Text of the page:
Fooled by Randomness
Nassim Taleb’s Fooled by Randomness (the first in his Incerto series) delightfully yet forcefully causes the reader to confront the fact that random chance rules much of human fate. Emotions are lubricants of reason, aphorisms allow us to judge situations fast and easy.
Taleb hits a number of highlights along the way, such as:
- Noting the urge to keep up with the Jones’, while we might be happier staying put as the most successful of our original social milieu. (The big fish in the small pond may be happier than the big fish in the big pond.) To this end, much of happiness is derived from the perceived trajectory of your circumstances, rather than the circumstances themselves.
- Rejecting luck as a reason for our success, but embracing it as a reason for our failure.
- The real phenomenon of luck-induced dopamine causing self-fulfilling-prophecies of success and charism.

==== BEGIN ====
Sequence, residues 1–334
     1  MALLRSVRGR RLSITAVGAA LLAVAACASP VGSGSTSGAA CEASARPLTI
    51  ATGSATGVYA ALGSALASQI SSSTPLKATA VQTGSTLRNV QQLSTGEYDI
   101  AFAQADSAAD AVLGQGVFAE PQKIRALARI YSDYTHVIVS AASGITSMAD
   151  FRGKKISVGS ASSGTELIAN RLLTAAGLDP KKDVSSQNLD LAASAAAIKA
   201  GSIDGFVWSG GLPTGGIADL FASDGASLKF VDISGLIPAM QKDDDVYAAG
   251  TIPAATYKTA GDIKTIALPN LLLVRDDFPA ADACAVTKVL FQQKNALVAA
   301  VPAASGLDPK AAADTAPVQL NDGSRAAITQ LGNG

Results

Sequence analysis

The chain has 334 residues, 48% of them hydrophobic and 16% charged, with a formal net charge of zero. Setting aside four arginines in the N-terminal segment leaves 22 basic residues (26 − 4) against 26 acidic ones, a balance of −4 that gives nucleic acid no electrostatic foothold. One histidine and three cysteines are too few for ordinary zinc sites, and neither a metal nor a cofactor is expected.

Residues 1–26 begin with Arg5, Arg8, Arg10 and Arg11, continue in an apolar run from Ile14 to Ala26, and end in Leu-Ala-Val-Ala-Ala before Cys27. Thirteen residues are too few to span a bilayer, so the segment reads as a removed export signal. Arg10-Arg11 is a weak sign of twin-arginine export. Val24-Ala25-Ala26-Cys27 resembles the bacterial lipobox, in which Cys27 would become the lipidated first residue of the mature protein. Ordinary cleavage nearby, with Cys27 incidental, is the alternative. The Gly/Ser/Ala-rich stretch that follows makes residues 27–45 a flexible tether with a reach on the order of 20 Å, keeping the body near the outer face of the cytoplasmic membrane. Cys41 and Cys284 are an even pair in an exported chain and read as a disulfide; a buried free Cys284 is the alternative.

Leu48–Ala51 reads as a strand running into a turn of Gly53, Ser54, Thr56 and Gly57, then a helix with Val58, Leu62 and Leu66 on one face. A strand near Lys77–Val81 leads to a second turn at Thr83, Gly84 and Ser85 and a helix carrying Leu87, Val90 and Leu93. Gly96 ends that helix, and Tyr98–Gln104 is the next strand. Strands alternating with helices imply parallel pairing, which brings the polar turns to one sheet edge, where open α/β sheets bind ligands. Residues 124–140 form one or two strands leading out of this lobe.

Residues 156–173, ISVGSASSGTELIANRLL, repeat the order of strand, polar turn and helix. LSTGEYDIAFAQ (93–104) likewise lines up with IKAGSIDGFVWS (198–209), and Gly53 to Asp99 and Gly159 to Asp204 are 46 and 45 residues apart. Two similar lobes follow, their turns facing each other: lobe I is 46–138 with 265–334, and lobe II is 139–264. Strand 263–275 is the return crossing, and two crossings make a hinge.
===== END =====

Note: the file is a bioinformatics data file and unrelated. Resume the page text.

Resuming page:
- The value of a slow information diet, eschewing the daily news cycle.
- His deep disdain for journalists.
I really enjoy his writing style. A modern man of letters… I’m looking forward to reading the rest of Incerto.
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A statue should be erected in Gerry Lenfest’s honor at City Hall to remind future generations of this man who made it his mission to give away as much wealth as possible before he died.
In a thread begun October 2016, Washington Post technology director Aram Zucker-Scharff tweeted about the shady advertising practices of EverQuote, a Boston-based startup. Since then these ads have become prolific on the web (and nearly as prolific are Aram’s tweets documenting the malfeasance).
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